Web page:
Section 4.1. Persistence Options

4.1. Persistence Options

You should acknowledge one simple fact up front: if you deal with a relational database, all roads in one form or another lead to JDBC. Whether you write the code yourself or let an ORM write it for you, SQL INSERTs, UPDATEs, and DELETEs are the lingua franca of any database-driven application.

While Sun maintains that JDBC is not an acronym, it looks suspiciously like "Java DataBase Connectivity" to many seasoned programmers. It is the API that allows us to load up database Drivers, make Connections, and create Statements that yield ResultSets upon execution.

While nothing is intrinsically wrong with ResultSets, OO purists bristle at the thought of dealing with a semi-structured collection of strings and primitives. Java programmers are taught from a tender young age that JavaBeans and DTOs are the one true way to represent business objects. So to get from ResultSets to DTOs, we must use hand-code methods that do the transformation for us, one car.setName(resultSet.getString("name")) at a time.

While this isn't terribly difficult, it does get tedious as the number of business objects and database tables grow. Maintaining two separate data schemas, one in Java and the other in SQL, strikes many as a flagrant violation of the DRY principle. The phrase "impedance mismatch" often comes up in JDBC discussions.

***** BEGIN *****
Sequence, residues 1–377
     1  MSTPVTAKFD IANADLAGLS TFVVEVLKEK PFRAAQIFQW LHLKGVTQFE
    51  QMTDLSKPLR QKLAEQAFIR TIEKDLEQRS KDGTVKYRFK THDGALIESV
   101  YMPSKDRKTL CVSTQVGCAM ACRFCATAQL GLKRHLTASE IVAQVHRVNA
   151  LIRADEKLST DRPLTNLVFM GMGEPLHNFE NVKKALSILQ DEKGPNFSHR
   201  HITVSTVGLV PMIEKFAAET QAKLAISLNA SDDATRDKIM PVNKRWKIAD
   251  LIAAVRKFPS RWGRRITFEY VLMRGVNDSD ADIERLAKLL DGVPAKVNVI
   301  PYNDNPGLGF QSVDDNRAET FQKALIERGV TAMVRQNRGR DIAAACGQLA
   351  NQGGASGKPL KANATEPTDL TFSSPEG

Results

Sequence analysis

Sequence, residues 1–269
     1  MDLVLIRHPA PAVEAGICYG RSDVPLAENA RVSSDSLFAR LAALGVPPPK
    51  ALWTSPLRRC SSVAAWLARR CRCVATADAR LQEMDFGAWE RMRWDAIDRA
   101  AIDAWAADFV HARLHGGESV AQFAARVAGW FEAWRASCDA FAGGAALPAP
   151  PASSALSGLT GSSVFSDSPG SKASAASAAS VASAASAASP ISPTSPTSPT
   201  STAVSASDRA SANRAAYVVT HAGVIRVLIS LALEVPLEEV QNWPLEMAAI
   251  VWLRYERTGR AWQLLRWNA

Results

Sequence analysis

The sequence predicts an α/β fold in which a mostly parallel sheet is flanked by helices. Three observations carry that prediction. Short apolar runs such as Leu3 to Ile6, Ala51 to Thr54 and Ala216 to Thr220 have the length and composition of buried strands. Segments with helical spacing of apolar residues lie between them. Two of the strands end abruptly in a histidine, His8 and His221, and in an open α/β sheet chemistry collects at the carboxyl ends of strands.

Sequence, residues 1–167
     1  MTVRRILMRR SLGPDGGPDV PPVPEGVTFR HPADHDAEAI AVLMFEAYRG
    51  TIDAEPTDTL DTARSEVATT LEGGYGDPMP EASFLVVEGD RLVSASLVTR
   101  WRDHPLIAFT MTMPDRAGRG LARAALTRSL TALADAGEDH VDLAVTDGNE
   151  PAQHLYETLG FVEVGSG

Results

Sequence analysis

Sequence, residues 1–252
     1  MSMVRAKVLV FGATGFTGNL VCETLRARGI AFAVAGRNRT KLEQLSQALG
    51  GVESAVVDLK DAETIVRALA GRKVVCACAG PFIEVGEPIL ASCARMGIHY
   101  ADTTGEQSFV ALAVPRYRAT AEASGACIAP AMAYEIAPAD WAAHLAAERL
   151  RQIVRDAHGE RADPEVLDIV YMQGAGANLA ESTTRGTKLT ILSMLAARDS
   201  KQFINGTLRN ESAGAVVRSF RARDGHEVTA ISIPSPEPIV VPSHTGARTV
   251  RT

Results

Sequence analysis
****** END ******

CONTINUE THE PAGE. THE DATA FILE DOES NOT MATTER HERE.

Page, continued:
One potential way to avoid the problem of marshalling and unmarshalling JavaBeans is to remove the root causewhy not just create a database that deals natively with objects? On paper, object-oriented databases (OODBMS) seem to be the ideal solution to this problem. Sadly, OODBMSes have never gained any serious market share.

If you can't change the root data sourceand relational databases are deeply entrenched in most long-term persistence strategiesyour only other option is to come up with an API that manages the impedance mismatch: something that allows you to deal with native JavaBeans, and not only hides the JDBC complexity from you, but ideally entirely creates and manages the infrastructure.

One of the earliest attempts at this was the now infamous Entity Bean offering in the EJB specification. Entity beans came in two basic variations: Bean-Managed Persistence (BMPs) and Container-Managed Persistence (CMPs).

BMPs were really nothing more that a fancy way of saying, "I'm going to keep on doing the JDBC wrangling that I've already been doing." Since the Bean was responsible for its own persistence implementation, many programmers fell back on what they knew bestcar.setName(resultSet.getString("name")).

CMPs were closer to what we were hoping to achieve"let me define the business object and then have the container worry about how to persist it." The problem with CMPs ended up being twofold:

  • Rather than dealing with a simple POJO, you were forced to create and maintain a complicated variety of interdependent classes and interfacesRemotes, RemoteHomes, Locals, LocalHomes, and abstract bean classes.